Architectural Home Designs & Decorating Ideas

How to Change a Kitchen Sink Drain

5 minute read

Is your kitchen sink draining slower than usual or not draining at all? Clogged and damaged sink drains are a common issue that can happen after years of use. Food particles, grease, hair, and other gunk can build up inside the pipes, causing blockages that prevent water from properly draining. Luckily, with the right tools and instructions, installing a new P-trap assembly is an attainable DIY project for most homeowners.

Changing out a kitchen sink drain involves carefully dismantling the existing setup, thoroughly cleaning the drain pipe, then installing a new P-trap configuration. This comprehensive guide will outline all the steps needed to tackle this project like a pro. With a little time and effort, you can have a fully functioning sink drain that will last for years to come.

Step 1: Removing the Old Drain

The first step in replacing your kitchen sink drain is removing the current assembly. Start by gathering the necessary tools: basin wrench, adjustable wrench, bucket, rag, flashlight. Turn off the hot and cold water supply valves located under the sink. Then disconnect the drain pipes from the wall outlet and set the bucket underneath to catch any water remaining in the pipes.

Locate the curved section of pipe attached to the bottom of the sink tailpiece called the P-trap. Use your wrench to loosen the slip joints and detach the curved section from the tailpiece. You should also disconnect the pipe connecting to the wall drain outlet. Remove the entire trap assembly and set it aside.

Unscrewing the Tailpiece and Basket Strainer

changing kitchen sink drain

With the P-trap disconnected, unscrew and remove the tailpiece from the bottom of the sink strainer. Use your basin wrench to reach up inside the drain opening and turn the basket strainer counterclockwise to unscrew it from the sink. Remove any old plumber’s putty sealant from around the strainer rim.

Thoroughly clean the sink basin and drain opening with the rag. Inspect the drain pipe for any cracks or damage. Also check the sink rim for deterioration or flaws. Address any issues before installing the new drain assembly.

Step 2: Installing the New P-Trap

With the old drain removed, it’s time to install the new kitchen sink drain P-trap assembly. First apply a fresh ring of plumber’s putty around the rim of the drain opening, where the new basket strainer will attach.

Attach the new tailpiece to the threaded section of the strainer. Apply thread seal tape to prevent leaks. Place the basket strainer into the sink drain opening and turn clockwise to tighten into place.

Connecting the P-Trap Sections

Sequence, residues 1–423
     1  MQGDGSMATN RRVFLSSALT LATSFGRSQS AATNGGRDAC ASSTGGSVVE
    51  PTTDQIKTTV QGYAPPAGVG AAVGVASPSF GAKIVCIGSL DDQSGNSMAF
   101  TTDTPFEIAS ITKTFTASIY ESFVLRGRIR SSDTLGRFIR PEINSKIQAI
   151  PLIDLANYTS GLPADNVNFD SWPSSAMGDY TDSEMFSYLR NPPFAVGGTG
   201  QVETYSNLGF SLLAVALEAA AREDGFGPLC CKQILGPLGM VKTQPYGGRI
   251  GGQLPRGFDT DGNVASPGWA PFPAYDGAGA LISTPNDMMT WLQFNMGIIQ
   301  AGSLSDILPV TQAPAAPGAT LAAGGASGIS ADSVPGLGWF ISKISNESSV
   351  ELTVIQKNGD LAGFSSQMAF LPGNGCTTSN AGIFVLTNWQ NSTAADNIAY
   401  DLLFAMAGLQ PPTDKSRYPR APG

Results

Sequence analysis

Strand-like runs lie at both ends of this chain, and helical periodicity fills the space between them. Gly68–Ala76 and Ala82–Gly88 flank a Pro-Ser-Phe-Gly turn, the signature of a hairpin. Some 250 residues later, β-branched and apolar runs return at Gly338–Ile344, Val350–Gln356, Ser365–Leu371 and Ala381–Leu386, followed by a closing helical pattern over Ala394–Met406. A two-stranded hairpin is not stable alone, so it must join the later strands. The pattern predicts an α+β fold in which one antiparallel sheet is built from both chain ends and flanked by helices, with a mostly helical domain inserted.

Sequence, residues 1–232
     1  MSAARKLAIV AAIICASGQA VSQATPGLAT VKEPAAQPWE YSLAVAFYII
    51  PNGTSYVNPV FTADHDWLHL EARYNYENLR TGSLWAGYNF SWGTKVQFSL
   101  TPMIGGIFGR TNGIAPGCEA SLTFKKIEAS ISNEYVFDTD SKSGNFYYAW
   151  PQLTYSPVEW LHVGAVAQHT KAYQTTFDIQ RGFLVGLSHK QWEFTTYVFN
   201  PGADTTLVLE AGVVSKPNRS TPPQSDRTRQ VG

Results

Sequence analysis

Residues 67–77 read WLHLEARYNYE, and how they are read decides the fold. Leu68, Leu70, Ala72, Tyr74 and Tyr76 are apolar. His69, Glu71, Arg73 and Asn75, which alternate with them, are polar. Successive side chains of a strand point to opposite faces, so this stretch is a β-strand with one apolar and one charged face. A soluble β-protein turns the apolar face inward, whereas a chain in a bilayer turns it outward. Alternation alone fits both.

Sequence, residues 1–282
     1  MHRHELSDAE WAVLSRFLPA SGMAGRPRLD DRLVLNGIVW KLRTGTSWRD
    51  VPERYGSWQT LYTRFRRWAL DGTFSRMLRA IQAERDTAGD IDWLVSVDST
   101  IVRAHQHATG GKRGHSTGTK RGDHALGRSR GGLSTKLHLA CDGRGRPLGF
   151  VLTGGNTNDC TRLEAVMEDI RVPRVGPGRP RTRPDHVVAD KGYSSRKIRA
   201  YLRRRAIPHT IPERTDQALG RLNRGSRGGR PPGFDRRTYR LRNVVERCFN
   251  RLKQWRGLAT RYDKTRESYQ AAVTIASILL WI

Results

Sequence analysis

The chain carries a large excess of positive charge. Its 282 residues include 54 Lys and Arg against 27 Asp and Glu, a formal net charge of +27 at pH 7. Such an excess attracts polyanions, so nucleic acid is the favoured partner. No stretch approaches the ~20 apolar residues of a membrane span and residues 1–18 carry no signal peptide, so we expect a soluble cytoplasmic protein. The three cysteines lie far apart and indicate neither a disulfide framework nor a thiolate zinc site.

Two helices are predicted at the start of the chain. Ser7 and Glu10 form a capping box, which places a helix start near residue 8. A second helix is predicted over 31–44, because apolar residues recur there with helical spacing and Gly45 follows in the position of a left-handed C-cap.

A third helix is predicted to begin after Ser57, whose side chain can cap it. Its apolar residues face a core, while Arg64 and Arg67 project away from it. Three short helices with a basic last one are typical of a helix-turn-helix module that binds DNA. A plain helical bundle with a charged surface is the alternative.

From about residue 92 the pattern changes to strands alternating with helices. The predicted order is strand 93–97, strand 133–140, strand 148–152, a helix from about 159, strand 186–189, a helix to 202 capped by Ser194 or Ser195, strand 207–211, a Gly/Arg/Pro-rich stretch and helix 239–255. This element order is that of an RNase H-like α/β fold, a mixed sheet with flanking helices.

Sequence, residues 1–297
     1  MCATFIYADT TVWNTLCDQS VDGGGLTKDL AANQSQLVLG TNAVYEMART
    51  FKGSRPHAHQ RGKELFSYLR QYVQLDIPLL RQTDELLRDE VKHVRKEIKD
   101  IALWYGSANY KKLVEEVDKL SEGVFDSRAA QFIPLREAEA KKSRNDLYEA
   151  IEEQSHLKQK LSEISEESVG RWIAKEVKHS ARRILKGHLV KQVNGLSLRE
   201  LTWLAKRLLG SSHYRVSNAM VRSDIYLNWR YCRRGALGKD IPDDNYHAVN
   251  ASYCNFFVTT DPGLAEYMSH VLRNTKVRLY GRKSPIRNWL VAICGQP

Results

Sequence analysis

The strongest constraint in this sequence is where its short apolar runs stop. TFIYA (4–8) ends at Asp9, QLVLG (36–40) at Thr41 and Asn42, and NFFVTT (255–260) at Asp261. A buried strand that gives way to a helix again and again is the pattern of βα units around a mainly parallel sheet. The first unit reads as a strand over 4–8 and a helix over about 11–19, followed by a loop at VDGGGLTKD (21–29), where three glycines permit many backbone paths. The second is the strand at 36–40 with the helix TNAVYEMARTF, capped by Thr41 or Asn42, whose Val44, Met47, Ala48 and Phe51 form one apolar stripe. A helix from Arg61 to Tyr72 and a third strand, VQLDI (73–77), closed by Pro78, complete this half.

Connect the tailpiece to the u-shaped section called the u-bend. Slide a slip nut compression fitting over both pieces before joining. Tighten the nut with your wrench. Next, attach the shorter curved section called the trap arm into the u-bend, again using a slip joint nut to secure the connection.

Make sure the entire trap assembly is angled correctly to hold several inches of water in the u-bend curve. Test fit to ensure proper positioning under the sink before connecting to the drain outlet pipe.

Step 3: Connecting to Sink Drain Pipe

With the P-trap fully assembled, you can now connect it to the sink drain pipe in the wall. The trap arm may need to be extended with additional tubing and an elbow joint. Measure and cut a length of pipe to reach the wall outlet.

Use slip joints to connect the trap arm to the elbow and extension pipe. Use an adjustable wrench to tighten all the slip joints securely. Make sure the P-trap assembly is aligned properly with no kinks or dips before connecting to the outlet pipe.

Making Secure Connections

Apply thread seal tape to the threads before screwing extension pipes together for a watertight seal. Slide compression nuts over joints between pipes. Tighten them with your wrench, being careful not to over tighten. All slip joints should be snug but still allow a little wiggle room.

With everything positioned correctly, attach the end of the trap arm extension to the drain pipe outlet. Double check alignment and threading before tightening the connection. Test the positioning by filling the sink with water and checking for smooth drainage.

Step 4: Leak Testing and Finishing Touches

With all the pieces in place, it’s time to check your work. Turn on the hot and cold water supply and fill the sink. Look carefully under the sink for any drops of water or leaks at the joints. Tighten any slip joints or connections if needed.

Remove the drain stopper and allow the sink to fully drain. Check for proper water flow without gurgling or backing up. Wipe up any water or putty under the sink.

Verifying Proper Installation

Run a large amount of water down the drain to verify sufficient flow. Look from all angles and below to ensure no leaks. Your P-trap should maintain a consistent slope to fully drain.

Check above the sink for any drips around the basket strainer drain. Tighten or apply more putty as needed. Test draining several times to ensure smooth water flow. If aligned and sealed properly, your new kitchen sink drain is ready for years of food scraps, hairballs and dirty dishwater!

Troubleshooting Common Problems

While most kitchen sink drain installations go smoothly, issues can come up. Here are some potential problems and how to address them:

Tackling a kitchen sink drain replacement seems daunting, but with this detailed DIY guide you can feel confident taking it on. The key is taking your time, making secure slip joint connections, and double-checking for leaks. Soon you’ll have a freely draining sink and some new plumbing skills under your belt.

Be sure to share any tips or questions about your kitchen sink drain project in the comments below! With the right preparation and tools, even first-timers can master this essential home plumbing job.